The Audi wasn’t far, but he had to get to it, get onto the driver’s side, which was the traffic side, and get into his seat without getting hit by the cars rushing by. Then he had to whip the car into traffic. It was a lot to do before Turov and the other man caught up. His other choice was to keep running, to lead them away from Sophie and escape through the alleys and side streets.
But that would mean leaving Sophie vulnerable. Sending her to the airport to call Hawk was a last resort, not without risks of its own. It might be her best chance, however.
He had almost decided that was the best option when the Audi’s passenger door flew open. His heart nearly dropped to his toes. If she got out now—
But the car lurched suddenly, backing into the car behind it and then moving forward again, its nose inching out into traffic.
Chase put on a last burst of speed. He threw himself into the passenger seat, turning to fire behind him as Turov and the other man approached. He didn’t aim to kill, not here in the open with so many people, but he did intend to disable.
His shot must have winged the companion because he stumbled and fell to the ground, his palms coming out in an attempt to save himself. He rolled, screaming in pain, as Turov ducked into the protection of a doorway.
“Go!” Chase yelled at Sophie as she worked the car out of the slot.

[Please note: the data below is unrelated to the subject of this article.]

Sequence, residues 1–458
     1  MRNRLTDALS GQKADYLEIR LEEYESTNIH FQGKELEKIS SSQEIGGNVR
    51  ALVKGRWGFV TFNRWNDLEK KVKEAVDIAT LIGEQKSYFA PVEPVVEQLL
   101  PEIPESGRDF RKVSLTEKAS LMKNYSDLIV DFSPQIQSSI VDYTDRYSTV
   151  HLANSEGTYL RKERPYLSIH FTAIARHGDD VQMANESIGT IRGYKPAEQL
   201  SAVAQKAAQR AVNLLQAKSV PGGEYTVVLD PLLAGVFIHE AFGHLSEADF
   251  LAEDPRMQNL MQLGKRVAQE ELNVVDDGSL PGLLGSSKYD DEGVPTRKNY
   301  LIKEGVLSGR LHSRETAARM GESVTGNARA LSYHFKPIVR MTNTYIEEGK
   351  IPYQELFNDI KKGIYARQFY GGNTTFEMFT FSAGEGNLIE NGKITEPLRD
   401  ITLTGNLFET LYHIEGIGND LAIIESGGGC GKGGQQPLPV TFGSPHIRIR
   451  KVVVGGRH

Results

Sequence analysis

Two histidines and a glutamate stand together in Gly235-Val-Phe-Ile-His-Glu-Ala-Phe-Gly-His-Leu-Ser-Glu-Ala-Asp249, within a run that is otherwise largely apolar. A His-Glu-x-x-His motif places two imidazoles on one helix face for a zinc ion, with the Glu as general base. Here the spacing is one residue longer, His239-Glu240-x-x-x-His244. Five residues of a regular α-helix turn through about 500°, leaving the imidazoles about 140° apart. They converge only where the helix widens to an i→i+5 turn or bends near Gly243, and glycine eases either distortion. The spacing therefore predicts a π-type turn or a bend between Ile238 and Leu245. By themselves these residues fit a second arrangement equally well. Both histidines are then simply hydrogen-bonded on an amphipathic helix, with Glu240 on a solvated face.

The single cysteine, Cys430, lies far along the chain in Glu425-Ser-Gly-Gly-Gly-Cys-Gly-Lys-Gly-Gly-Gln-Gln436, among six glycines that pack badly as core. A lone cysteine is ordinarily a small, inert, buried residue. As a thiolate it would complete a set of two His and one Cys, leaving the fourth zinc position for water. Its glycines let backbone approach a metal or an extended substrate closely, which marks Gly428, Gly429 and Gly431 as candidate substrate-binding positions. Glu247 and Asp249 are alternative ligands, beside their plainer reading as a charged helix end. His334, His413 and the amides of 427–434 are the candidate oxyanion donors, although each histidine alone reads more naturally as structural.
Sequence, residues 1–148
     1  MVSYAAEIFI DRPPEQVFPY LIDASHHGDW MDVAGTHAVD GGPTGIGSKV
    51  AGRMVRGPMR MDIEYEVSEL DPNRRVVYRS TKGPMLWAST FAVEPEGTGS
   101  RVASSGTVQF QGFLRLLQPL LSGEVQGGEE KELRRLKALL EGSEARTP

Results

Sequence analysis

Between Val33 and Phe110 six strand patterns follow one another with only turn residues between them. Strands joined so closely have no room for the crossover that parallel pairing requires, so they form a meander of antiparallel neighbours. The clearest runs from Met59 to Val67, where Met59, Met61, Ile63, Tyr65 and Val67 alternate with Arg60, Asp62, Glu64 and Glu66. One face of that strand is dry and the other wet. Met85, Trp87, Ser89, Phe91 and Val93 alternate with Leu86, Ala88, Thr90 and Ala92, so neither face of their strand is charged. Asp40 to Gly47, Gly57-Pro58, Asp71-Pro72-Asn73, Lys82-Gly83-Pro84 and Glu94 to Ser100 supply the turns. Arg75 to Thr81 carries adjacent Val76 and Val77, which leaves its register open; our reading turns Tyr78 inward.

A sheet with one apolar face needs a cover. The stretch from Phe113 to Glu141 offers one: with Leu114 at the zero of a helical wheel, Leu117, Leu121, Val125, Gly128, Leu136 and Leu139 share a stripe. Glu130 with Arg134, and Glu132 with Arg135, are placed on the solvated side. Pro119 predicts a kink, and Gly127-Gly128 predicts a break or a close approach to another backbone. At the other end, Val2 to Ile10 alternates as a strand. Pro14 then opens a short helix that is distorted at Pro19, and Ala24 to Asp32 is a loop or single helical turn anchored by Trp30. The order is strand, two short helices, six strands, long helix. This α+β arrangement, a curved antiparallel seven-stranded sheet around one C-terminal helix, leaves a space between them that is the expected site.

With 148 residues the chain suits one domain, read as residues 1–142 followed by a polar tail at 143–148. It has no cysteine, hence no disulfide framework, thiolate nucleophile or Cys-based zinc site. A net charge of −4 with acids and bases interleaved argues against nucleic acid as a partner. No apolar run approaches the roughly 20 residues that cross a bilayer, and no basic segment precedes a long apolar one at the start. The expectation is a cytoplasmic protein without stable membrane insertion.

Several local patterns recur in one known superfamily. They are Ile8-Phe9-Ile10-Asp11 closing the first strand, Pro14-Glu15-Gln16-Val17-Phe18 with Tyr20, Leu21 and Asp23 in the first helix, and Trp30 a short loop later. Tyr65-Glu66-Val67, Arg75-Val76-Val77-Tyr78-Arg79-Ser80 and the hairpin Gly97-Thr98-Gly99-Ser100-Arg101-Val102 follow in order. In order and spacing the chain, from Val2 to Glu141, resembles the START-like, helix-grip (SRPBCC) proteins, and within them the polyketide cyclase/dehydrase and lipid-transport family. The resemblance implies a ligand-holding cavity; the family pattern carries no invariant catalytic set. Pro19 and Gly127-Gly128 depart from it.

“There’s too much traffic!”
“I don’t fucking care! Floor it!”
He yanked the passenger door closed just as something thunked into it. Turov peered around the corner and fired again. Chase ducked just in time as the bullet shattered the glass and then passed out through the windshield, leaving a round hole.
“Go!” he yelled again, firing back at Turov. The man on the sidewalk was crawling toward the door where Turov hid. Police sirens sounded in the distance and Chase’s blood chilled. They had to get out of there before the police arrived. Before Turov succeeded in hitting one of them.
Turov ducked out of the door again, raising his weapon. Chase took aim, intending to drop the son of a bitch—but he was thrown back into the seat when Sophie careened into traffic suddenly. Brakes squealed and horns sounded, but she hit the pedal and the car picked up speed, accelerating away from the scene.
Chase looked back to see Turov running out into the street. The bastard wanted a clear shot so he could take out the driver—
“Turn, now,” Chase ordered as Turov’s arm came up.
“It’s a one-way street—”
“Turn, goddammit it!”
ophie’s heart felt like it was going to burst from her chest, but she whipped the car into oncoming traffic and prayed they didn’t crash. Drivers laid on horns, but they swerved out of the way. She kept going down the street, saying, “Sorry, so sorry, oh my God,” the whole way.
“Turn here,” Chase ordered.
She cranked the wheel, turning the car to the right and onto a street where they were now going in the right direction. Her heart still hadn’t slowed, however. The window beside his head was shattered, a big gaping hole with jagged glass hanging from it.
And then there was the bullet hole in the windshield. It had come in at an angle and passed low, but it was almost perfectly in front of her. If that had hit her… Oh God.
“Are you crazy? We have to keep going.”